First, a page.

Third, he enters into dialogue with Abraham. A fair judge is answerable for his judgements, and, in an extraordinary scene, God discusses the impending judgement with Abraham. Effectively, he says to Abraham: you're so sure you know what is just, you dictate the terms on which I should judge the city.

But even on Abraham's terms the city fails the judgement.

God is a Just Judge (19:1-13)

Not only is God fair, he is also just.

We see that in chapter 19, verses 1 to 13. I'm not going to dwell on the sin of Sodom since we covered it to some extent a few weeks ago when David Stillman was preaching on the life of Lot.

Suffice it to say that the wickedness of Sodom had become so great that it would have been unjust of God not to judge it. We are going to destroy this place conclude the messengers in verse 13. The outcry to the Lord against its people is so great that he has sent us to destroy it.ref

It is as wrong to acquit the guilty as it is to condemn the innocent. God is a just judge. He must destroy the wicked.

And he does destroy the wicked. We are left in no doubt that it is God who has done this, and the destruction is complete. Verse 24, Then the Lord rained down burning sulphur on Sodom and Gomorrah — from the Lord out of the heavens. Thus he overthrew those cities and the entire plain, including all those living in the cities — and also the vegetation in the land.ref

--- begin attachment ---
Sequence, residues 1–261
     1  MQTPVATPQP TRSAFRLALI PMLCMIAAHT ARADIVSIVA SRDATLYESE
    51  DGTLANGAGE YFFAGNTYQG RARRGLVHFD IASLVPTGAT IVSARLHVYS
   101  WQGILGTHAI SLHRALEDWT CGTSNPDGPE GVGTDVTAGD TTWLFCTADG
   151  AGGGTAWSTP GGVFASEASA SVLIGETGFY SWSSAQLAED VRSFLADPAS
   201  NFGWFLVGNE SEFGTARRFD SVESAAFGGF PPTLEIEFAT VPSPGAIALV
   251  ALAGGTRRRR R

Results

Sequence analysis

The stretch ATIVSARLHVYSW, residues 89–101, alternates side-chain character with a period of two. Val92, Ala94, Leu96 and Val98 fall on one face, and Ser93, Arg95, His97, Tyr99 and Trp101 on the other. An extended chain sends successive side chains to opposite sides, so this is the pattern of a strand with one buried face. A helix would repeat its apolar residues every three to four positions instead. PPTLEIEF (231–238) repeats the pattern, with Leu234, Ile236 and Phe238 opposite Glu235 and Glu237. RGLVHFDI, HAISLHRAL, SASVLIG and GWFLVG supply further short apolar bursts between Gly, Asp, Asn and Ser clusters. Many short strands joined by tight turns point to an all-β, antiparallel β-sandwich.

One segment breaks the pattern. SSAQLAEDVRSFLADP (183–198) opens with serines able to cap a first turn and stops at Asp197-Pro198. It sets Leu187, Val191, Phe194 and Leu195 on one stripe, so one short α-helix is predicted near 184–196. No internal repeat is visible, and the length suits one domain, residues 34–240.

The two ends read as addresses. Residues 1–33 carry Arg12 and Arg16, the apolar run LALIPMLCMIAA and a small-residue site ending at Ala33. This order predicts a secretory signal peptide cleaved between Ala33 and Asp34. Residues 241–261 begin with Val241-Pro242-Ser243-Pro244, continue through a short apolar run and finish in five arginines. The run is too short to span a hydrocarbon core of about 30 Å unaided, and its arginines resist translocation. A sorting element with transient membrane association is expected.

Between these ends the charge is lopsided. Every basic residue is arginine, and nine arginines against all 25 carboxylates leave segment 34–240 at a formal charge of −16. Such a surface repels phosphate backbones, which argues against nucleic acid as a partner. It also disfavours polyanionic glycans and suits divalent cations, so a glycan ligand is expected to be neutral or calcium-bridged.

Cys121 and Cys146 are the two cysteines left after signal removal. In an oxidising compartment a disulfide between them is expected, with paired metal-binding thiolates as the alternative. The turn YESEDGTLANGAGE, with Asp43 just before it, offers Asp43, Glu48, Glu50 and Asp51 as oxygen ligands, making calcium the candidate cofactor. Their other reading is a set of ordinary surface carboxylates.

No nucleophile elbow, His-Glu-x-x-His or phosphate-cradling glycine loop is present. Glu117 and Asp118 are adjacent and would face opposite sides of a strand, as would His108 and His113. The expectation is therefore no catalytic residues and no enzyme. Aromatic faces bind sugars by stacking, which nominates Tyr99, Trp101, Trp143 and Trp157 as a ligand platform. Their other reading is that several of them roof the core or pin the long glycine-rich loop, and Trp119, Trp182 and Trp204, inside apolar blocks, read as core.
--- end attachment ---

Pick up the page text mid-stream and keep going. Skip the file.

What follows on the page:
God is a Merciful Judge (19:14-29)

However, God is also a merciful judge. Although Lot and his family scarcely deserve it, God rescues them from the destruction.

God takes great care in protecting this tiny righteous remnant of the city. The men plead with Lot to leave, and as he hesitates they physically drag the family away. Verse 15, With the coming of dawn, the angels urged Lot, saying, Hurry! Take your wife and your two daughters who are here, or you will be swept away when the city is punished. When he hesitated, the men grasped his hand and the hands of his wife and of his two daughters and led them safely out of the city, for the Lord was merciful to them.ref

But still Lot hesitates, so God postpones the destruction a little while longer, and spares a little town all to give Lot and his family a safe place to be.

For those who love and trust him, no matter how undeserving they are, God will do everything necessary to spare them from judgement.